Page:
Shifts in Business Models: Experiment With New Revenue and Delivery Models

Channel-agnostic service delivery: brands are scrambling to increase their digital capacity to serve customers during the crisis, even as entire channels and revenue streams are vanishing (brick and mortar) or booming (virtual events). Progressive brands are reconsidering how they engage with the everyday lives of their customers, shifting away from channel-first or device-first approaches to customer-first service delivery models and revenue streams. 

Omnichannel brands that have invested in customer knowledge will continue to see the data provide a depth of insights which helps to keep connecting in new ways. Those who haven't will find that influencing customer behavior - whether it is nudging offline customers online, or driving web customers onto a mobile app -  depends on having the right customer data and the ability to act quickly on that data.  Anything less will only act as a quick fix.

Making it possible: with its ability to unify diverse customer behavior data points, your customer data platform (CDP) is the ideal platform to manage personalized and relevant experiences across all channels; at an individual and segment level, while constantly testing and refining tactics for more predictable outcomes.

Delivering experience at each stage of the journey: brands need to consistently deliver great experiences before, during, and after the purchase, to build optimal customer lifetime value. This demands visibility across all business functions impacting CX. The convenience and ease of pre-purchase browsing,  friction-free sign-in, selection, checkout, payment, and refund processes;  smooth and speedy product delivery; the quality and eco-friendliness of product packaging - these are all opportunities to enhance and differentiate the experience, and all functions - finance, IT, product design, packaging, supply chain, and logistics - are involved in creating them.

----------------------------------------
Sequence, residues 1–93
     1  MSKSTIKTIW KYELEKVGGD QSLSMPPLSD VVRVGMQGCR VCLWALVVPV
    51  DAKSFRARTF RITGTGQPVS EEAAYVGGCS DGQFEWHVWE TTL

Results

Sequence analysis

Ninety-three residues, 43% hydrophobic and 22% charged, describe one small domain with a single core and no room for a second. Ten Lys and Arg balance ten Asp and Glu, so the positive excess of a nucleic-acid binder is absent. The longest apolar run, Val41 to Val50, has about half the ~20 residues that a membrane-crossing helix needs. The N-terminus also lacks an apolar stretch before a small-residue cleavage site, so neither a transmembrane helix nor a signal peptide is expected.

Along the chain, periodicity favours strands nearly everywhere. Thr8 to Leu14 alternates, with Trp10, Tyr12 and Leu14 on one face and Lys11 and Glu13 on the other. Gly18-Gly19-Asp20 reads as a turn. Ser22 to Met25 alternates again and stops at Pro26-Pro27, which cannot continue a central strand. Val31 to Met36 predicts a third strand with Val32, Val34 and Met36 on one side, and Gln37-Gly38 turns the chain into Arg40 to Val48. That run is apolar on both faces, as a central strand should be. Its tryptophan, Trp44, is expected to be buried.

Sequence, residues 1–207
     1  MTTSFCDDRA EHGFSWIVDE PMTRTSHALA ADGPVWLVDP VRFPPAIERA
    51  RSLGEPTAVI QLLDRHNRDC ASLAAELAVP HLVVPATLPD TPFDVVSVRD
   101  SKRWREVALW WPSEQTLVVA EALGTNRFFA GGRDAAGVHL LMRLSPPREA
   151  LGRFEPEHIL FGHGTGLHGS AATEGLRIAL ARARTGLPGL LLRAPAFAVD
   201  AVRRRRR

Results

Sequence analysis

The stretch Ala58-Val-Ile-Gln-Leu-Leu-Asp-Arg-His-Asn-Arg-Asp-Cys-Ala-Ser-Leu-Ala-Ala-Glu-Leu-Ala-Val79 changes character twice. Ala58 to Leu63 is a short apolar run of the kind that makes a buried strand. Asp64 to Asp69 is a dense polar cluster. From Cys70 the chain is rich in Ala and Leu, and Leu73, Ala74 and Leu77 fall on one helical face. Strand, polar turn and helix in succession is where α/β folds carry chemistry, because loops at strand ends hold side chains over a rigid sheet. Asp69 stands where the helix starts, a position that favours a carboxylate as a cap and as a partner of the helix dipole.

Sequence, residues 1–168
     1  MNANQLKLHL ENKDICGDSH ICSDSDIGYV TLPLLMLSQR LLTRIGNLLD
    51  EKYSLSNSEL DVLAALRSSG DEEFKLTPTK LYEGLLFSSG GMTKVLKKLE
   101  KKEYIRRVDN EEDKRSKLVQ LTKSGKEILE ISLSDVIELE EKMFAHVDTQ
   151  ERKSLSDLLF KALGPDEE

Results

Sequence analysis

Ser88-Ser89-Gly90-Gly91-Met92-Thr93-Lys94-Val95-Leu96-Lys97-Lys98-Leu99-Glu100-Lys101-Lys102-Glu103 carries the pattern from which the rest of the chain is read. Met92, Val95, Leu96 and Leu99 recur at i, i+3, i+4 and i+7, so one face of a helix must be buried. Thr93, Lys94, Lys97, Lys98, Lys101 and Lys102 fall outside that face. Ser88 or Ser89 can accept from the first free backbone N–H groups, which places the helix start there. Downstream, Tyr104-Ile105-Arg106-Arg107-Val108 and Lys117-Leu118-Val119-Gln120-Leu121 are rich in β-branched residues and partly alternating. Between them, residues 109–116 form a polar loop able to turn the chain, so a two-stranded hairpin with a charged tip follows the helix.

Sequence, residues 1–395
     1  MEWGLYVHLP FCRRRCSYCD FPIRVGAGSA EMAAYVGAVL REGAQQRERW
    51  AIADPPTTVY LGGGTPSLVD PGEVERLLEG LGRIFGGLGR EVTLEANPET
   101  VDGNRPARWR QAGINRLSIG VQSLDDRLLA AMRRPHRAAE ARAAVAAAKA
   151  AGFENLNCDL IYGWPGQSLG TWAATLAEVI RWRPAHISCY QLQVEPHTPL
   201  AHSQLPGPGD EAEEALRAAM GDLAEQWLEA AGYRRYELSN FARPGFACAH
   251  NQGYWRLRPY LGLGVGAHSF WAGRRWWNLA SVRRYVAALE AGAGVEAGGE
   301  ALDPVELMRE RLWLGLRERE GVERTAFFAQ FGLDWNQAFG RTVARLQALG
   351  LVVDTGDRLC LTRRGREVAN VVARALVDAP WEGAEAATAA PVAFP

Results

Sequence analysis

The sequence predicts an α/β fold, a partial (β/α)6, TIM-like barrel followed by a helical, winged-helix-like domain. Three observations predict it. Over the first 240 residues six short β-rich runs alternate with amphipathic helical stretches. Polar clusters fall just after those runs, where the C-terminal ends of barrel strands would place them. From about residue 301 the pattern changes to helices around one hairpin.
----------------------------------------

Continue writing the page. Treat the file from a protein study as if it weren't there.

Making it possible: by operating at an enterprise-scale, CDPs are capable of collecting and integrating data from across business functions, enabling the brand to build a truly complete profile based on the most current view of each individual customer.

D2C operations: with consumers seeking closer, more authentic relationships with brands they trust—and off-late, having difficulty finding the products they want due to store closures and supply chain gaps —many brands are accelerating their efforts to launch D2C operations. Brands that have tended to leave the last mile product delivery to downstream partners now find that their 3rd party retail partners own all the data about consumers and their shopping behaviors. To build and own the customer relationship – and data - directly, brands need to invest in robust D2C infrastructure that enables friction-free, consistent, and reliable interactions and transactions across channels.

Making it possible: implementing a CDP can help brands get a fast and stable head start with building direct customer relationships, sustaining on-going engagement across channels, and deepening brand loyalty, retention, and revenues over time.


Shifts in Organizational Capabilities: Build a High-performing Organization that Moves Faster and Smarter

Re-aligning your business to get the most from data and technology:if keeping pace with customer preferences is business critical, then data is the key to realize that goal. Data about customers and their behavior flow through every business system, but they need a way to connect the dots and turn diverse data into meaningful insights. Such rich insights need to be coupled with the ability to deliver orchestrated messages across complex omnichannel networks, at scale.

Making it possible:  CDPs are a reliable single platform for data collection, management, analytics, activation, and orchestration, with the power and stability to do it at the scale and speed global consumer brands need.